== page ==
Final Report
Our Work
Regional Offices
Agreements & Norms
Finantial Information
Balance TRC
Sessions with Institutions
International Seminar
Public Hearings
Disappeared persons
Photograph Project
Photo & Video Gallery
Press Releases
PresentationYuyanapaq: To RememberWitnesses to the Truth

The Visual Legacy

“ In photojournalism the Truth and Reconciliation Commission has found an invaluable legacy to reconstruct, from the spiritual memory that the sight of the images brings, that history of ours than we shouldn’t forget nor abandon in oblivion...desolate and perplexed faces captured forever, and hands chapped from hard work in the small image of the missing family member, and like them other scenes that could have the same caption: let the horror be gone forever, the painful memories converted to hope; let life in Peru go on with solidarity and justice.”

Salomón Lerner Febres
The Truth and Reconciliation Commission

The Truth and Reconciliation Commission (CVR), through a recent effort to recover images from the period 1980-2000, has investigated almost 80 photographic archives countrywide, among them those of private collections, the press, news agencies, the Armed Forces, the Police, human rights institutions, vicariates and family photo albums. Commission member Carlos Iván Degregori has these thought-provoking words to say about this extraordinary legacy:

“ Among the Yagua people of the Amazon Jungle, knowledge (ndatará) is first obtained visually. To know things, one has to see them in dreams or during a trance through which the shaman enters the spirit world to consult the spirits about the enigmas of the case he is handling. In learned societies, it is no longer through these means that knowledge is obtained. However, in recent decades, the rapid development of audiovisual media has obliged us to reconsider the relationship among seeing, knowledge and power. Knowledge which comes from seeing is primarily related to intuition, sensations, and sentiments, which are not necessarily irrational or unscientific, and can actually expand the scope of our knowledge.”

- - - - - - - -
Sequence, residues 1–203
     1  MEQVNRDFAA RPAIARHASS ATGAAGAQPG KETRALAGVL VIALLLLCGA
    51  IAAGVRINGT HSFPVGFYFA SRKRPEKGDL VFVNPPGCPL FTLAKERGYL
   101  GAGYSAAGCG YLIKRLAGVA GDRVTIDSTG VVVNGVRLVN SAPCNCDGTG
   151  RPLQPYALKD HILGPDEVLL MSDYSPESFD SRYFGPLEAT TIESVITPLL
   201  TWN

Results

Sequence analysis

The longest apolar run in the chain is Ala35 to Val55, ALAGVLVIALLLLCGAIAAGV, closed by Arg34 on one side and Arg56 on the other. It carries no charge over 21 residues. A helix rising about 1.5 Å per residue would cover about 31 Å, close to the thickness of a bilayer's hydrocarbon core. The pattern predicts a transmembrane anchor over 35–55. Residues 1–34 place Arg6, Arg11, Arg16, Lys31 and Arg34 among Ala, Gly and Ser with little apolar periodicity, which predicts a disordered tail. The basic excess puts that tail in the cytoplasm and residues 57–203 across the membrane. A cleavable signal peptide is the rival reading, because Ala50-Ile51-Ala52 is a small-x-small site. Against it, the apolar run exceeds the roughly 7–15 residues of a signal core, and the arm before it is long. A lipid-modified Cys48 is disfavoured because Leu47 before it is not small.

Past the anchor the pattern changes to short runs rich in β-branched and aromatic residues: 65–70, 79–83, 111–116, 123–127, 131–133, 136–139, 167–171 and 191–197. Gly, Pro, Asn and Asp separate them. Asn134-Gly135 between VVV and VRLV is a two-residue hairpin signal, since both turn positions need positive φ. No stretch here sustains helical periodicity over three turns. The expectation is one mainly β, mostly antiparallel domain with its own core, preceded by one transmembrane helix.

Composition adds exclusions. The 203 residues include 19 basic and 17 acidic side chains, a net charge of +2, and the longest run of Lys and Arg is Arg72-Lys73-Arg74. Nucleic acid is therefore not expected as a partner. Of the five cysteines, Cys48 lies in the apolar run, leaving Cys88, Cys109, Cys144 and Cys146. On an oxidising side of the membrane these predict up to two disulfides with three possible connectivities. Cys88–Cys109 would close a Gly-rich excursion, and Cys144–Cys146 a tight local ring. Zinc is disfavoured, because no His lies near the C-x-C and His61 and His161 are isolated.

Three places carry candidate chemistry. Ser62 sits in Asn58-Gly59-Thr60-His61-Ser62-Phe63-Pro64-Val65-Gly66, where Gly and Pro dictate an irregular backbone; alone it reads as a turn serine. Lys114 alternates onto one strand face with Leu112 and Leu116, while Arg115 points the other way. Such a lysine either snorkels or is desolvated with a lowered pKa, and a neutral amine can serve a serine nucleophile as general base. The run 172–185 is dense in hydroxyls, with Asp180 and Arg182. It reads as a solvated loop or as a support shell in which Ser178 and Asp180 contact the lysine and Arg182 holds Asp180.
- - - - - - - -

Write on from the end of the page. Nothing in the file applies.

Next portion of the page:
So, as a part of their final results, the Truth and Reconciliation Commission feels that to get to the truth which they are trying to unravel, it is advantageous to do it with visual documents as well.

Image Bank: nearly 1700 photographs form part of a complete archive which individuals, the State, the academic community, social organizations, churches, Non Governmental Organizations, and the entire population will be able to access through the web page of the Truth and Reconciliation Commission.

Photographic Exposition: “Yuyanapaq. To remember” This exhibition of a selection of more than 200 photographs from the Image Bank was held in Lima from August 9 until December 9, 2003. Similar photographic exhibitions were held in the cities of Ayacucho, Huánuco, Huancayo, Abancay and Cuzco, with 37 photos from the main exhibition.

Book of Photographs “Yuyanapaq. To remember”, has about 80 images extracted from the photographic exhibition. The value of these documents is that they can last through time and be transmitted to future generations.

The images contained in these three products reconstruct the history of those violent years, thanks to men and women who, equipped with cameras, decided to register the diverse aspects of the complex reality of the manchaytimpu, or “time of fear”. Many of these images had been ignored or trivialized. The majority of the incidents and protagonists had gone unnoticed or had been forgotten. To recover them and bring them once again to our memory, or register them for the first time, is part of the struggle for truth and reconciliation in which we are immersed.

This visual legacy remains for society as a whole with an encouraging assurance: The images don’t change, but the eyes that see them do.